OR Phone Scam Meets Internet Fraud (the perfect storm–almost)
V02051038560003119-2696: That’s the phone number that showed up on my caller ID. Usually, I don’t answer calls from numbers like this, but providence won this morning. It’s not everyday that I get to share a personal experience of foiled Internet fraud.
The call was from a very polite, foreign-sounding man, claiming to be a “Certified Microsoft Technician.” He warned me that my computer was sending out viruses, that many important processes of Microsoft windows had been shut down, and my computer was in danger of stopping. His script was perfect. In the background, I could hear other phone operators working the same script.
Intuition flickered. (Amazing that this man could line up the phone number of the computer owner of a computer sending out viruses–something the US government can’t do, at least not without a warrant.)
I asked for more information.
“Yes, Ma’am. I can show you the Microsoft processes that have been shut down on your system.” He then walked me carefully, step-by-step to the Computer Management window to show me the “errors.” Those red exclamation points might look scary, but this is just a log of activity from the applications I run. Sometimes those apps have an error–hello red circle.
“Oh dear. That looks terrible.” I tell him.
“Now, I will show you the many stopped Microsoft functions.” From the RUN menu, he takes me into System Config where more ‘alarming’ evidence proves that my machine is in peril.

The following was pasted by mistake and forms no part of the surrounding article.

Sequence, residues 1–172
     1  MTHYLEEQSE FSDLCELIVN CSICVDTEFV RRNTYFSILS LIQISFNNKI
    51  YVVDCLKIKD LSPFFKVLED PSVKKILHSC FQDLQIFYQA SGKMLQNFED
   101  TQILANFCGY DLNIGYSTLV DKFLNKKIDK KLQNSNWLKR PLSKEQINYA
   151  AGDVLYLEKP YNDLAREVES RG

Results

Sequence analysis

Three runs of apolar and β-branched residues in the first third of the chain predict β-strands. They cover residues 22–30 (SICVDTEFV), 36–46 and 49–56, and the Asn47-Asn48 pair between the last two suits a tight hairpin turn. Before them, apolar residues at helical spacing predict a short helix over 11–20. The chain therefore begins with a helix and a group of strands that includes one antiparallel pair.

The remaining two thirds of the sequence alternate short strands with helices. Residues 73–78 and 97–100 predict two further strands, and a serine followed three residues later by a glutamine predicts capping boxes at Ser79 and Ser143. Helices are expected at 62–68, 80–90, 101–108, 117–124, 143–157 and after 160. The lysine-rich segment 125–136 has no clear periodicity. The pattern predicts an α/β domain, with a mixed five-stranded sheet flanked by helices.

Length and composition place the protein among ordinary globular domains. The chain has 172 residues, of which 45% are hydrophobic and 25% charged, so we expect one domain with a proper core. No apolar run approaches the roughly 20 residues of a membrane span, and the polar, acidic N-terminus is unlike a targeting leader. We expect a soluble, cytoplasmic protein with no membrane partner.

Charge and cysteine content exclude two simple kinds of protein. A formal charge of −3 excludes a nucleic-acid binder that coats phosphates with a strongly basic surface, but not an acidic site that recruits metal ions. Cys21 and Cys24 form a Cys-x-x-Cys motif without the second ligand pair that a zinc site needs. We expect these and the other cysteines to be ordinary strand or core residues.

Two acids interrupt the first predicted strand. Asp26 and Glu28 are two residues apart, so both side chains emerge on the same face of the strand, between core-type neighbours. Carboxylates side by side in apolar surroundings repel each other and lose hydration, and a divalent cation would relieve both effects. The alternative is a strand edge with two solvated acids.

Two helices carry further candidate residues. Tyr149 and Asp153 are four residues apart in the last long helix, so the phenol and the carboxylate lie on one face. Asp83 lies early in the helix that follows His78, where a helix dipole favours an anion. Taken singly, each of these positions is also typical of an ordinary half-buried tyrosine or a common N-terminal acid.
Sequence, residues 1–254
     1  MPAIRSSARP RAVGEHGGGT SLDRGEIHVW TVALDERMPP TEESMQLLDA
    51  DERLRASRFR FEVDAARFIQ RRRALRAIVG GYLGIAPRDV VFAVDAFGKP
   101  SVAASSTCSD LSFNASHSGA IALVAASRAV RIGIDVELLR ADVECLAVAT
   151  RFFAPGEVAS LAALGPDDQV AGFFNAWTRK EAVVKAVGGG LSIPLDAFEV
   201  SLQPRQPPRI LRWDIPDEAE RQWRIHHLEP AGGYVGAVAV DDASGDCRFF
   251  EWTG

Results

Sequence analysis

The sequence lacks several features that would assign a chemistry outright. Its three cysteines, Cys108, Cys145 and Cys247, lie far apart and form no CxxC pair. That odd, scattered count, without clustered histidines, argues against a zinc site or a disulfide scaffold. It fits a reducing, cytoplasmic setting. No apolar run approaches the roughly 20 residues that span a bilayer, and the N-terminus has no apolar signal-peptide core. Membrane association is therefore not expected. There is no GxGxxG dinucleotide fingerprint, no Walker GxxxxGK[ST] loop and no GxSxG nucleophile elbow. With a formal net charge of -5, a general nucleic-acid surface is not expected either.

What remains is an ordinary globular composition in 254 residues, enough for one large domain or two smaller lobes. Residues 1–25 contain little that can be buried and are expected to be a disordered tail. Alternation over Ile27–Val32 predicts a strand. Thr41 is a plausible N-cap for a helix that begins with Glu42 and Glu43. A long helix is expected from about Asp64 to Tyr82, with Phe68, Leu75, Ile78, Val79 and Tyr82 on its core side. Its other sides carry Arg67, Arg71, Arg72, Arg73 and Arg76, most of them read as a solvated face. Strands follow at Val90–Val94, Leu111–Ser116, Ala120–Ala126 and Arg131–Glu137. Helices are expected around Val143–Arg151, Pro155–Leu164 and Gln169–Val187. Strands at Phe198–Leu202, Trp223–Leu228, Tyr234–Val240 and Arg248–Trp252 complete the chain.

“Ma’am. I am happy to help you fix this problem and restore your Microsoft Windows functions. All you have to do is go to: www.teamviewer.com and click on the DOWNLOAD button.
Incredible! He’s asking me to hand over control of my computer. (Incidentally: this is a legitimate website and the perfect tool for when your Grandma calls, asking if you can help her change her screensaver.)
I ask, “And how do I know this is safe?”
He assured me that I could disengage the connection at any time, and then he offered to show me his “official” website–Global Network Support (http://gns24x7.us/). Here it is.
Notice anything funny?
This screenshot is from the “About Us” section. “We Have Propositions For Everbody”. Legitimate corporate websites just don’t have typos on this level–three (if you count the capitalized preposition) in one header is a big red flag. And the Microsoft logo on the HOME screen is just a little fuzzy—another red flag.
All of it screamed fraud. I asked him, “And how can I know that you really are employed by Global Network Support?” At that, he hung up.
That was fun because nothing bad happened, but whoever masterminded this call, is targeting security’s weakest link—the humans who run the machines. I have excellent security on my computers, but if I had gone along with this scam, this criminal would have bypassed all that security to find my personal and financial information, including social security numbers of my children, and in about three clicks, he could have my computer commandeered and turned into a bot, sending out viruses.
Here are a few tips to help you avoid Internet scams:
● Pay attention to the money flow: Who paid this man to call and warn me as a public service? Are they asking you to pay now?
● Look for weirdness: does anything you see seem even slightly ‘off’? It probably is. Look at URLs. Do they follow standard protocol? (Microsoft.com/big-long-URL is very different from Microsoft.big-long-deceptive-URL-here.com.
● Report Internet fraud here: http://www.ic3.gov/default.aspx
● Report phone fraud here: http://www.stopfraud.gov/report.html
Categories: Cyber Safety